Shoppers rise early to score Black Friday deals at Massachusetts malls

Wrentham officials have warned of traffic delays as early risers hit the road early on Black Friday to try to get some serious business at Massachusetts stores. The Wrentham Outlets, which were closed on Thanksgiving, opened before sunrise. Traffic was jammed on Interstate 495 approaching outlets before 9 a.m. “Everyone seems happy and nice despite the crazy traffic. It’s the season I guess. If you lose patience in the traffic, reverse direction, go home, eat the leftovers, shop another time. Take advantage of the sales!” McGrath posted on Twitter. Video from inside outlets showed large crowds, with queues forming outside some stores. At the Burlington mall, shoppers lined up before 6 a.m. at the Lego store and GameStop. Despite the fact that many stores are offering deals ahead of Black Friday, shoppers still want to take advantage of the sales in person. “Discounts ranging from 40, to 50, to 65 – many of these offers are only available in-store. Retailers want you to come and shop. It’s the touch, try, feel and shopping,” said Sheila Hennessy of the Burlington Mall. The Burlington Mall may look different to some shoppers – there are 33 new stores in the mall. As Black Friday marks a return to the usual shopping habits of Holidays, inflation weighs on consumers. High prices for food, rent, gasoline and other household expenses have taken their toll on shoppers. As a result, many are reluctant to spend unless there’s a big sale and are more selective with what they’ll buy – in many cases they opt for cheaper products and cheaper stores Shoppers are also dipping more into their savings, turning more in addition to services “buy m now pay later” such as Afterpay which allow users to pay for items in installments, as well as use their credit cards at a time when the Federal Reserve is raising rates to cool the US economy. This year’s trends contrast with those of a year ago, when consumers were buying early for fear of not getting what they needed amid supply network obstructions. Stores didn’t have to do a lot of discounting because they had trouble bringing items. The National Retail Federation expects holiday sales growth to slow to a range of 6% to 8%, compared to the meteoric growth of 13.5% a year ago. However, these figures, which include online spending, are not adjusted for inflation, so actual spending may even be down from a year ago. Adobe Analytics expects online sales to grow 2.5% from Nov. 1 to Dec. 31, a slowdown from last year’s 8.6% pace, when shoppers were unsure of return to physical stores. The two-month period between Thanksgiving and Christmas accounts for about 20% of the retail industry’s annual sales. The Associated Press contributed to this report.

Wrentham officials have warned of traffic delays as early risers hit the road early on Black Friday to try to strike serious deals at Massachusetts stores.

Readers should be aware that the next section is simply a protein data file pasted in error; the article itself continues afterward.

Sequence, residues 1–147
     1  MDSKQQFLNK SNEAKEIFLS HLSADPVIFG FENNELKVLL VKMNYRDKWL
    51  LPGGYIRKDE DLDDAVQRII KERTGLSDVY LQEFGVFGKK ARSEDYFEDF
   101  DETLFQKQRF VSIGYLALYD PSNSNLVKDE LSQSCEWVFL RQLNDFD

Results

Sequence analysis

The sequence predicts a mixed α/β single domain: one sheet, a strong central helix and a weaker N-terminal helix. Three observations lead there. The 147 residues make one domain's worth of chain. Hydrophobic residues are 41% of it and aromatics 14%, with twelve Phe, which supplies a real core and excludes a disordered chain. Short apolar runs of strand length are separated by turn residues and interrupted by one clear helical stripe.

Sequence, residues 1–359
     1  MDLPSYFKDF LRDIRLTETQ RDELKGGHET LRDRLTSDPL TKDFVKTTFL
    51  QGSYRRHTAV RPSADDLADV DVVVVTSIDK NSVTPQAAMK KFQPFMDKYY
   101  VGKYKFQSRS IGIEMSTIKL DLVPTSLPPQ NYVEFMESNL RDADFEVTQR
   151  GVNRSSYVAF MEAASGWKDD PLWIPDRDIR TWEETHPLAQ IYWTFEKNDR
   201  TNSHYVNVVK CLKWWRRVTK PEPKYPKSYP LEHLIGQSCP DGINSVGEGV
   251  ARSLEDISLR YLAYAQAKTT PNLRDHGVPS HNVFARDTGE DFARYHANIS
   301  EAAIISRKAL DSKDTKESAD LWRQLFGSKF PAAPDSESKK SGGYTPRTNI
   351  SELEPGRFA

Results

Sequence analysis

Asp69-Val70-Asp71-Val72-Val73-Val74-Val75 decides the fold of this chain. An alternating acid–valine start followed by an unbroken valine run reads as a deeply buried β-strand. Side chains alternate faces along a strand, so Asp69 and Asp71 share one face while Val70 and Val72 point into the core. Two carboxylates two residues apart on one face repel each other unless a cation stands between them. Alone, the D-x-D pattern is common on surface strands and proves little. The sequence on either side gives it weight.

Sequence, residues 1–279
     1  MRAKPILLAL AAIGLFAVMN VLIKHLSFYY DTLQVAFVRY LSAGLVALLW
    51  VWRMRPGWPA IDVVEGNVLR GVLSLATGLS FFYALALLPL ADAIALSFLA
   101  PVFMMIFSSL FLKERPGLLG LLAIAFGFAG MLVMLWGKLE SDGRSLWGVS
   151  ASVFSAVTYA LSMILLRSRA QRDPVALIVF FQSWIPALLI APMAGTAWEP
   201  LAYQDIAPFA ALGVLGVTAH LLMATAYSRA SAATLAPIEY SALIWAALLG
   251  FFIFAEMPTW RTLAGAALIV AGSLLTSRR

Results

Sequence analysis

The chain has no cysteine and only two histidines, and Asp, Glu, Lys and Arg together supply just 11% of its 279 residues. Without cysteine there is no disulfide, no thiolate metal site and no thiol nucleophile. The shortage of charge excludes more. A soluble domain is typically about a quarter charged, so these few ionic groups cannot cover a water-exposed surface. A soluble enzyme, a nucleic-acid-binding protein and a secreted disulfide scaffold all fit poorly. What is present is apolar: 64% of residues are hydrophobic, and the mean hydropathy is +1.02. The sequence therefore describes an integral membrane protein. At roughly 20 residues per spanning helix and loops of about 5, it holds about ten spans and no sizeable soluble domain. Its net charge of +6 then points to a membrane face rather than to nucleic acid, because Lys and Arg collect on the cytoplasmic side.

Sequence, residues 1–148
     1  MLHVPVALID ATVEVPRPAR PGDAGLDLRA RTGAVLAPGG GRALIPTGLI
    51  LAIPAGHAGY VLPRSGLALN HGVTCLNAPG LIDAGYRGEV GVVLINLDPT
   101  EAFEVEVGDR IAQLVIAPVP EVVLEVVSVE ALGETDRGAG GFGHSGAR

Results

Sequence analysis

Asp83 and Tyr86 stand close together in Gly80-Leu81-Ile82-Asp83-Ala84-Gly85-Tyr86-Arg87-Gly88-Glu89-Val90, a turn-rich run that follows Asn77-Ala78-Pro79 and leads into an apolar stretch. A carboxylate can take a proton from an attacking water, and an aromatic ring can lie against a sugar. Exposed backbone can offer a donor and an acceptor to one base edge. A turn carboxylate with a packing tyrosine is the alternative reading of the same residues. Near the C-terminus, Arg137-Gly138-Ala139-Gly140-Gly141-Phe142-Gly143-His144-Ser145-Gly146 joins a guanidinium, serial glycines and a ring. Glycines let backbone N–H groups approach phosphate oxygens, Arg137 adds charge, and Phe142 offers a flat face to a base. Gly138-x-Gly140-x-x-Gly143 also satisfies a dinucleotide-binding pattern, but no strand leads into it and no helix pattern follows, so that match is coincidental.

The Wrentham Outlets, which were closed on Thanksgiving Day, opened before sunrise. Traffic was saved on Interstate 495 approaching outlets before 9 a.m.

“Everyone seems happy and nice despite the crazy traffic. Tis the season I guess. If you lose patience in the traffic, back up, go home, eat the leftovers, shop some other time. Take advantage of the sales! ” McGrath posted on Twitter.

Video from inside outlets showed large crowds, with queues forming outside some stores.

At the Burlington Mall, shoppers lined up before 6 a.m. at the Lego store and GameStop.

Despite the fact that many stores are offering deals ahead of Black Friday, shoppers still want to take advantage of the sales in person.

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“Discounts ranging from 40, to 50, to 65 – many of these offers are only available in-store. Retailers want you to come and experience shopping. It’s the touch, the try , feel and purchase,” Sheila said. Hennessy, from the Burlington mall.

The Burlington Mall may look different to some shoppers – there are 33 new stores in the mall.

As Black Friday marks a return to typical holiday shopping habits, inflation is weighing on consumers.

High prices for food, rent, gasoline and other household expenses weighed on buyers. As a result, many are hesitant to spend unless there’s a big sale and are more selective with what they’ll buy – in many cases, swapping to cheaper products and cheaper stores.

Shoppers are also tapping more into their savings, increasingly turning to “buy now, pay later” services like Afterpay that allow users to pay for items in installments, as well as use their credit cards to a time when the Federal Reserve raises rates to cool the US economy.

This year’s trends contrast with those of a year ago, when consumers were buying early for fear of not getting what they needed amid supply network obstructions. Stores didn’t have to do a lot of discounting because they had trouble bringing items.

The National Retail Federation expects holiday sales growth to slow to a range of 6% to 8%, compared to the meteoric growth of 13.5% a year ago. However, these figures, which include online spending, are not adjusted for inflation, so actual spending may even be down from a year ago.

Adobe Analytics expects online sales to grow 2.5% from Nov. 1 to Dec. 31, a slowdown from last year’s 8.6% pace when shoppers were unsure to return to physical stores.

Analysts see the five-day Black Friday weekend, which includes Cyber ​​Monday, as a key barometer of shoppers’ willingness to spend, especially this year. The two-month period between Thanksgiving and Christmas accounts for about 20% of annual retail sales.

The Associated Press contributed to this report.

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Video: Shoppers rise early to take advantage of Black Friday deals

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